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Startup Grind April 2019

Lee Blaylock typically moderates Dallas Startup Grind events and while we were preparing for my fireside chat April 23 he provided some ideas around questions he wanted to ask. I thought answering a few of them in a blog post would make a fun and useful way to prepare. I want to thank and acknolwedge Helena Krusec for doing the actual questionning and moderating. Not to mention the other folks at the Capital Factory who helped with setting up, promoting and cleaning up.

Kicking It Off

They call it StartUp Grind vs StartUp Joy… so what is your passion and what gets you a speeding ticket coming to work even though it might be set up to be a difficult day? (Helena)

People.

Sometimes it is customers and the feeling that we’re going to help them. Other times its the Jemurai team and the idea that we’re doing some really innovative technical and business work as a team.

There is an awful lot of stuff I don’t like as well:

  1. Writing reports
  2. Navigating politics
  3. Finance
  4. Marketing

Other Questions

How did you come up with the idea?

With securityprogram.io, we realized that there was a common thread in our services engagements and that our customers were thrilled with us when they succeeded.

The light bulb went off at a BigDOCC event when someone asked us: “Who are you a hero to?”

We have retainer based projects building security programs that we deliver through the securityprogram.io application. It makes our work easier, gives the clients better visibilty and resilience and represents a great value.

What did you know that no one else knew (a key dynamic of successful entrepreneurs)?

I think there are a couple of things that we’ve done differently.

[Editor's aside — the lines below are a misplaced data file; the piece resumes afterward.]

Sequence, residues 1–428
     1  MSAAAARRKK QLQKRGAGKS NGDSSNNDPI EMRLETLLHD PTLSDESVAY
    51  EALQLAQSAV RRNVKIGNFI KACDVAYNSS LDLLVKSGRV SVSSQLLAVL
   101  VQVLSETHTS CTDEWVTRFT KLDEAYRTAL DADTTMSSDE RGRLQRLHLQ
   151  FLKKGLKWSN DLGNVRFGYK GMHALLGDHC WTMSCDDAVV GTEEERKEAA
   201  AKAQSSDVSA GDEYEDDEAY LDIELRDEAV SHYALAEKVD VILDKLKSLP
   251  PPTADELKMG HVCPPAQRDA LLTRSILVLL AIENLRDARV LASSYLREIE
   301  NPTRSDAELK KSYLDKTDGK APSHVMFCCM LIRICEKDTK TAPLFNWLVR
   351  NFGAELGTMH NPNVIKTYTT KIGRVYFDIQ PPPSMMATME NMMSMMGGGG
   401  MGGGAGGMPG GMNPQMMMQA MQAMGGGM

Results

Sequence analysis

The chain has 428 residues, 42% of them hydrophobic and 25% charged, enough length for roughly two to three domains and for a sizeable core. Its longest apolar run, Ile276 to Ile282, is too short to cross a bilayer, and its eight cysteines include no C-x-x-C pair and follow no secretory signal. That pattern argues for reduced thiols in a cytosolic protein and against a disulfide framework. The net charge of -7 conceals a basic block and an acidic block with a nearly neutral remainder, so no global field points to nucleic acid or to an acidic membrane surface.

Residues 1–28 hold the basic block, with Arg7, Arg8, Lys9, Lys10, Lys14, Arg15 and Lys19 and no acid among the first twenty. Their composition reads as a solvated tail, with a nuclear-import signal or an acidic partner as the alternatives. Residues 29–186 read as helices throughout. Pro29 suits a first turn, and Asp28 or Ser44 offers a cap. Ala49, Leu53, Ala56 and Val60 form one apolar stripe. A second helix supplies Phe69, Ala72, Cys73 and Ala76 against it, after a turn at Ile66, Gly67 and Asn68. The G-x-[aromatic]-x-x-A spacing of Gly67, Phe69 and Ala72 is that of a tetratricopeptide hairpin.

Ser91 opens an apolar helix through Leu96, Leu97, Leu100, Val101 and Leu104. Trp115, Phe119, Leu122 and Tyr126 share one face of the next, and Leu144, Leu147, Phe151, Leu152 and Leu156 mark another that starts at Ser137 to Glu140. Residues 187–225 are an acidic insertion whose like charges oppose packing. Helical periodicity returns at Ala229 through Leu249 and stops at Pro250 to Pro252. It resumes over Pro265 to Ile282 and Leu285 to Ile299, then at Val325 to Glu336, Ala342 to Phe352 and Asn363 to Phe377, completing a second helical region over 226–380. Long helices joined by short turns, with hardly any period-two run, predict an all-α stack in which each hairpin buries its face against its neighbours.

One is that we demystified security. We don’t talk about security like we’re super ninjas - we think of it as edge cases of the really hard stuff developers already know.

The standards are just standards with lots of details in them. They aren’t magic or perfect or even great. So we figure out how to leverage them to be better and then move on. They are just a tool.

Another big difference between how we approach our market and customers is that we take a very positive attitude toward our customers and sales process. Most security companies sell through fear and doomsday scenarios. That’s not our style. Most security companies will try to sell you something with a green blinky light that solves all of your problems. We know that’s a false promise.

Ultimately, we’re willing to create our own vision and build both business structures and technical capabilities to help our clients to reach our vision.

How you capitalized the company?

We are 100% bootstrapped based on consulting revenue. We have thus far turned down offers to purchase our tools and business.

How you put together your management team

Some important parts include:

We have in the past had internal recruiting and sales functions. As our business evolved and shifted from a services business with a larger footprint in Chicago to a product oriented business with a smaller footprint in Dallas, those functions are being re-imagined.

The sales function was critical at a certain growth point but we have had to continue to adapt and selling product is pretty different than selling a service.

How you prioritize?

This is a great question and provides a good segway to a topic that may not be obvious for a “Startup Grind” event.

One of the most important things in terms of prioritization is getting the right balance. Its a marathon not a sprint. When I started the business, it was partly so that I could be present at home and set priorities.

In fact, you could even say that the single most important part of being an entrepreneur for me was establishing control.

All of that being said, we start by making sure our team is in a good place and balanced, then we make sure customers are thrilled, and then we prioritize the work that has long term product impacts.